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Multiracial Idjentities (Sociology 169) )1 , -. - ﬁr‘
Midterm Exam (Wintei' 2006) F .7» 7.. -
Charilie V. Morgan : i . . Multiple Choice Questions (worth 2 points each) L 1. Sara arranged to graduate ﬁ'om high school a semester? early, and began college at Ball Sate in January of 1 963 while still
living at home. Although we attempted to conceal our relationship, she faced growing suspicion from her parents and friends.- '
Her parents received anonymous phone calls in the middle} of the night reporting that their daughter was dating a "nigger. " ' Three ideas of race compete to explain identities. The above passage from Life on the Color Line: The True Story of a Mite _ _ _ -,
Boy Who Discovered He Was'Black by Gregory Williams 33 illustrates which of these ideas? ‘ ‘
a. Genotype b. Phenotype c. Social connection (1. None of the above 2. I didn ’t understand Dad. I knew I wasn 't colored, and neither was he. My skin was white. All of us are white, I said to mysey.’ ‘
But for the ﬁrst time. I had to admit Dad didn 't exactly look white. His deeply tanned shin puzzled me as I sat there trying‘td * ‘
classijy my own father. Goose bumps covered my arms as‘I realized that whatever he was,_ I was. I took a deep breath. I " couldn ’t make any mistakes. I looked closer. His heavy lips and dark brown eyes didn ’t make him colored, I concluded-His
black, wavy hair was dtﬁerent from Negroes ' hair, but it was diferent from most white folks ’ hair, too. He was darker than most whites, but Mom said he was Italian. That was why my baby brother had such dark skin and curly hair. Mom told us to-be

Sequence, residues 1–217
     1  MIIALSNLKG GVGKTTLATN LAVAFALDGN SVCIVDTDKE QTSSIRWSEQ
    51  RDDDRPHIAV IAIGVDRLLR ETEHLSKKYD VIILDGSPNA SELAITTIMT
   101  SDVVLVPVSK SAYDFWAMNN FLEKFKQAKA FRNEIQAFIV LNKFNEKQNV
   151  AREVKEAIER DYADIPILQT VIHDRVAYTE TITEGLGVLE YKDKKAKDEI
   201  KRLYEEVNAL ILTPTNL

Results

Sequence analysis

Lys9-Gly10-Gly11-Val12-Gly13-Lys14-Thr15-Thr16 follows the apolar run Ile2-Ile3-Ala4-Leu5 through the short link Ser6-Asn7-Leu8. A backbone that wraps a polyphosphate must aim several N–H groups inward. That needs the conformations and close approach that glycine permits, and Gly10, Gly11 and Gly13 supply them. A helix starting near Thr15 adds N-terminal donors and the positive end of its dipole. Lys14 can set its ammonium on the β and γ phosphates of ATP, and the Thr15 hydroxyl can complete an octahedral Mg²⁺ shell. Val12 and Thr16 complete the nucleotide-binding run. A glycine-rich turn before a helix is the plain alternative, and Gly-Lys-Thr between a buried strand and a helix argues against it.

proud of our Italian heritage! That 's it, I decided. He was Italian. I leaned back against the seat. satisﬁed. Three ideas of race compete to explain identities. The above passage fiom Life on the Color Line: The True Story of a White '
Boy Who Discovered He Was Black by Gregory Williamsrbe_st illustrates which of thesc ideas? a. Genotype b. Phenotype c. Social connection d. None of the above 3. The conditions for becoming part of her life became very clear to me. We could reenter her world if we rejected the One in
which we had lived for the past ten years. She knew little about our In?! in Muncie, nor did she want to know. Gaining '7 ' '
acceptance to her world required that we deny our black heritage and pretend that the people and icircumstance of our life in
Muncie did not exist. We were to forget we were “colore " boys. She expected as to move back into her life without a past,”- ‘
without roots. without feelings ﬁn- the people who had sheltered and cared for us when our need was greatest. I latew that‘was ‘-
something we could never do. i ' ' ' Three ideas of race compete to explain identities. The above passage from Life on the Color Line: The True Story of 'a White > ' .
Boy Who Discovered He Was Black by Gregory Williams has; illustrates which of these ideas? a. Genotype b. Phenotype c. Social connection d. None of the above 4. Numerous factors are at Work in such events as the Rwandan genocide. the Jewish Holocaust, or “ethnic cleansing" in 7
Bosnia. Regardless of their complex origins, these events demonstrate the capacity of ethnicity and race to arouse the emotions,
sometimes to the point of homicidal ﬂay. Meanwhile, the tenacity with which some ethnic groups cling to their identities despite
the economic and political costs of doing so suggest that ethnic roots on occasion go very deep indeed. The above passage in Ethnicity and Race by Cornell and Hartmann Mt illustrates which of the following concepts?
3. Circmnstantialisrn r
c. Constructionism . d. None of the above ('J 'l‘ l
1:. I \
a i ‘ One of the White ethnic groups in South. Aﬁim I. _